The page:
Retro Gaming and Repros


Mood Retrogaming icon Retrogaming
Tags Video Games

I recently became interested in a series of RPGs developed by the now-defunct Quintent in the early 90’s–Soul Blazer, Illusion of Gaia, and Terranigma. I have a Illusion of Gaia cartridge, which is why I became interested in this series. Soul Blazer was released in the US. Terranigma was never released on the SNES, only the Super Famicom, and has never been formally translated.

I am currently emulating Soul Blazer because it passes my Can I Steal This test, which is: Is it available on a current-gen system in my native language? I can emulate it easily on a range of devices but found the play control slightly wonky. I ordered a new controller, which I was sorely in need of anyway, but in the meantime wondered how it would play on original hardware.

I briefly investigated the burgeoning world of cartridge repros some years ago. Cartridge repos present an interesting scenario in which one wishes to play a game on original hardware but is not overly concerned with authenticity. It used to reliably cost about $40 USD to have a game loaded to a cartridge, but these days you can get repros for less, usually $20 to $35 USD.

One potential problem with some repros is grounding issues (like connecting 3.3v flash chips to 5V bus) which can shorten the life of the hardware. (See Dangers of 3.3V Flash in Retro Consoles[] with the caveat the writer is at least a partial idiot, e.g., “common rebuttals”).

A cursory Ebay search of Soul Blazer carts provides an interesting range of prices, from a $20 marked repros to $350+ for a CIB authentic game. If I want a copy of Soul Blazer that doesn’t theoretically burn up my SNES I need to buy an authentic cart, so I need to be able to tell the difference. I could apply Brandon Perton’s Tips for Spotting Counterfeit SNES Games.

Can we reasonably diagnose at home? Let’s find out! Check a cart scan from SNES Central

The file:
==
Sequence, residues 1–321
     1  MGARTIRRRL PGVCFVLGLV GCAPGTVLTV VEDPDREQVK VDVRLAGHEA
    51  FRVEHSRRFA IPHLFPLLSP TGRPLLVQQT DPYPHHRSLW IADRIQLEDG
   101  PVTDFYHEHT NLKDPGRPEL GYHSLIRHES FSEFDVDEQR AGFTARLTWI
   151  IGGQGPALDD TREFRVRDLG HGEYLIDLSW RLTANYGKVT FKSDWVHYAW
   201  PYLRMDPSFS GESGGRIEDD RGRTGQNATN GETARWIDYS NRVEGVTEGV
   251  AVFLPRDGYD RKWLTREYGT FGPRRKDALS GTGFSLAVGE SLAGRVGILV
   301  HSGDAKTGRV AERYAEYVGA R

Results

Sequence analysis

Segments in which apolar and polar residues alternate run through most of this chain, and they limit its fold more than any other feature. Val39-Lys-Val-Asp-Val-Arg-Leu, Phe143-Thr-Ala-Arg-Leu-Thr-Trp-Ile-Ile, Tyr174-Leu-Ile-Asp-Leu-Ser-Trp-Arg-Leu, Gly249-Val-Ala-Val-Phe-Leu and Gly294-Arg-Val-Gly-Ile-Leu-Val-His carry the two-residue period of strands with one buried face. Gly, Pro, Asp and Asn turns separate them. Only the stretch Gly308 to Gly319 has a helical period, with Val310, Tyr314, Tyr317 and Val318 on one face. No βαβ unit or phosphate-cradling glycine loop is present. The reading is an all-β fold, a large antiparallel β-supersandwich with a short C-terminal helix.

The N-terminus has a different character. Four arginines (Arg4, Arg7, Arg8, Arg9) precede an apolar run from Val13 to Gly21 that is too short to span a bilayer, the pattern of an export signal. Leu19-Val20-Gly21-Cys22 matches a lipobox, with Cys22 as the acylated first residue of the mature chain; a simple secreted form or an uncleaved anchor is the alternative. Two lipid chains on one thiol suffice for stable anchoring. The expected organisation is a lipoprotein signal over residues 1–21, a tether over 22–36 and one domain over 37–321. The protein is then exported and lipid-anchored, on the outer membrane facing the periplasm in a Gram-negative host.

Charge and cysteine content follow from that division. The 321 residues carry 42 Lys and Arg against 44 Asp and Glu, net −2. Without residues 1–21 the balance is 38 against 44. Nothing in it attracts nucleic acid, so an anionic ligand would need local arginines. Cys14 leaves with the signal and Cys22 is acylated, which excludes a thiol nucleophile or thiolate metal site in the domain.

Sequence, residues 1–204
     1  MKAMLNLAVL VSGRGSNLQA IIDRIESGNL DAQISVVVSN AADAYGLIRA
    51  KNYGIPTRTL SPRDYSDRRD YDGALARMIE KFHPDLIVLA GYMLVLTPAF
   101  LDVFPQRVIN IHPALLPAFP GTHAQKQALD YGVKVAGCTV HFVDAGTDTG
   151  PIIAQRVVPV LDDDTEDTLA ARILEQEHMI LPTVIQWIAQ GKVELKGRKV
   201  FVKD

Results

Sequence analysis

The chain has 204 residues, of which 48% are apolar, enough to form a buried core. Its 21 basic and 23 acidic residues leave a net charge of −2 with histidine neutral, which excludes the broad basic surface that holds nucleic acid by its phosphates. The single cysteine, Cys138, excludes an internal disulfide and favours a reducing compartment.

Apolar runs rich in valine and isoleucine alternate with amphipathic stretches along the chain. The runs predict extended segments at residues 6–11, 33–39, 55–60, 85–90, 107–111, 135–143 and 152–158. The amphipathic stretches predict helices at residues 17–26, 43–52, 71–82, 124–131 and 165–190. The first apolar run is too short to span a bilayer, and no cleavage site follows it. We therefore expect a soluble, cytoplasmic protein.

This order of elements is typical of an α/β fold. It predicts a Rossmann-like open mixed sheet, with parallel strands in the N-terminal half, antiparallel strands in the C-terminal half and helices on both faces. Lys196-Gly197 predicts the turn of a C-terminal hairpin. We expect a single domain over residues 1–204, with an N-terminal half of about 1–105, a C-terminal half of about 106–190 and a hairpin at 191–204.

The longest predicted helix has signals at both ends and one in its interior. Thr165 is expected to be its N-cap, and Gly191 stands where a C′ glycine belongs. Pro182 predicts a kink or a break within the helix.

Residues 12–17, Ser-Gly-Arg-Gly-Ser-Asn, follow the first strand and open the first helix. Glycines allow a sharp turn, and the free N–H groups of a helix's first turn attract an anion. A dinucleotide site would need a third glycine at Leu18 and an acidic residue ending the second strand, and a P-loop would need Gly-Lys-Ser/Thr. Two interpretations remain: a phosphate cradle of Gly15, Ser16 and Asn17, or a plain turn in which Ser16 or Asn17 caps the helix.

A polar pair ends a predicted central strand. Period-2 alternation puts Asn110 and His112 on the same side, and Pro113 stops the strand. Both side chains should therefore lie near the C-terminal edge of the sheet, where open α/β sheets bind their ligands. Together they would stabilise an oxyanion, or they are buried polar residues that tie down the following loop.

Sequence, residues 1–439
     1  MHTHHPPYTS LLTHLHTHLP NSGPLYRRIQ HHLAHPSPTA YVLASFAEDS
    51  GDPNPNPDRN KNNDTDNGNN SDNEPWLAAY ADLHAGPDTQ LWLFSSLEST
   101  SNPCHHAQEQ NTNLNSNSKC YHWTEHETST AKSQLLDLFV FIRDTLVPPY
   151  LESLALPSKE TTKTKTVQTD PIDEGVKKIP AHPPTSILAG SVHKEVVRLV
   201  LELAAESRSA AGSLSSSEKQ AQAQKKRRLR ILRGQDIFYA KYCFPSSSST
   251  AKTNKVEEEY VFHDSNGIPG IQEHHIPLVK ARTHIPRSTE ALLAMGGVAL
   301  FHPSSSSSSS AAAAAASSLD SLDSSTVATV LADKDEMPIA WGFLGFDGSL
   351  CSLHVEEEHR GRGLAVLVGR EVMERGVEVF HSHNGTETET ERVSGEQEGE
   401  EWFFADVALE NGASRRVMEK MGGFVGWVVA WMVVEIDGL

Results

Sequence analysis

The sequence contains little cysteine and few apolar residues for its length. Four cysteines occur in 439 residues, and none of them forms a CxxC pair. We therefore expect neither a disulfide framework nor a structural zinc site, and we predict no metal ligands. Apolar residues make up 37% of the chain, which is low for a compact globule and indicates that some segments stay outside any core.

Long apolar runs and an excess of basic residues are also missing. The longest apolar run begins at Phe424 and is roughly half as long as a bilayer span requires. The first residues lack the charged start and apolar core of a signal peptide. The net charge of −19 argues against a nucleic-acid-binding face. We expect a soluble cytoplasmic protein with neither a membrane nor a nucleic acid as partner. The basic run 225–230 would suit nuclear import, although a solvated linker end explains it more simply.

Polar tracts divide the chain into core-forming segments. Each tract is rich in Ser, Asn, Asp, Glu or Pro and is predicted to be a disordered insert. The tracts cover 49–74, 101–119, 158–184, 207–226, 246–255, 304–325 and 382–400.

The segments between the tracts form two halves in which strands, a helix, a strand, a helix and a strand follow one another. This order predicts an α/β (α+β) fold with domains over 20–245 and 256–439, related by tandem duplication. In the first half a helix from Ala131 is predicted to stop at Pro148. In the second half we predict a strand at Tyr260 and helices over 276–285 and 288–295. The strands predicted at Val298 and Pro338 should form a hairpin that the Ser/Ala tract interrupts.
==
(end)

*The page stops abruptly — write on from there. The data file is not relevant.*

Somewhat ironically, the worse shape the cart is in the more likely it is to be real, so having a beat-up cart isn’t necessarily a bad thing! A bedraggled Blockbuster Video Copy recently sold for $95. It’s the pristine carts with gleaming labels that are most suspect. Anyway, I went through quite a few listings and I didn’t find any authentic listings that I could outright debunk as repros, though I did see a few listings I personally would have asked for additional pictures of before bidding.

I recently went to a few shops that sell vintage games and only found Soul Blazer at one. A boutique gaming shop had 3 copies of Soul Blazer for $100 each (cart only). I hadn’t researched repros much at that time, but based on my memory of the top label all 3 are probably authentic. That being said… How does one determine the “market value” of a game like this? Completed Ebay listings? $100 does appear to be a higher-end average for the cart alone.

If you want to play a lot of old games on original hardware, making your own repros or investing in a flash cart is another avenue. It’s doable with elbow grease (or in the case of the flash carts, an up-front investment) but what’s the real benefit to using the actual original hardware? There are adapters that allow you to use SNES controllers through USB and emulators provide QOL features like save states and button re-mapping. People sometimes complain about input lag, but is that really a discernible thing to the average player? This week I’m going to fire up some of my old hardware and a) see if it works and b) see if it really feels different from playing on an emulator.

In the meantime, I am curious as to whether anyone has attempted to pass off SNES repros as authentic carts in a systematic way. The issue, I think, is many rare SNES games require the box, manual, and inserts to have truly high value and those components are more difficult to reproduce than the cart itself. Some of the rarest SNES games are competition versions that could not reasonably be duplicated. Aero Fighters and Hagane both caught my eye as contenders for fraud because the loose cartridges fetch a premium ($500), but while you can attempt to fake a lot of things you definitely can’t fake the PCB so all someone has to do is open it up and you’re busted. You’re not going to fool anyone willing to fork over real cash, in other words.

I did see a repro Hagane listed as authentic for $400 USD, the eBay auction closed without a buyer and I strongly suspect the seller, who sold other things besides video games, legitimately had no idea it was a repro, and listed it as authentic without doing research and presumably delisted it when they were notified of the error. One catch on Hagane specifically is seeing whether the “made in” text in the bottom left corner of the label is cut off or if there’s proper margin.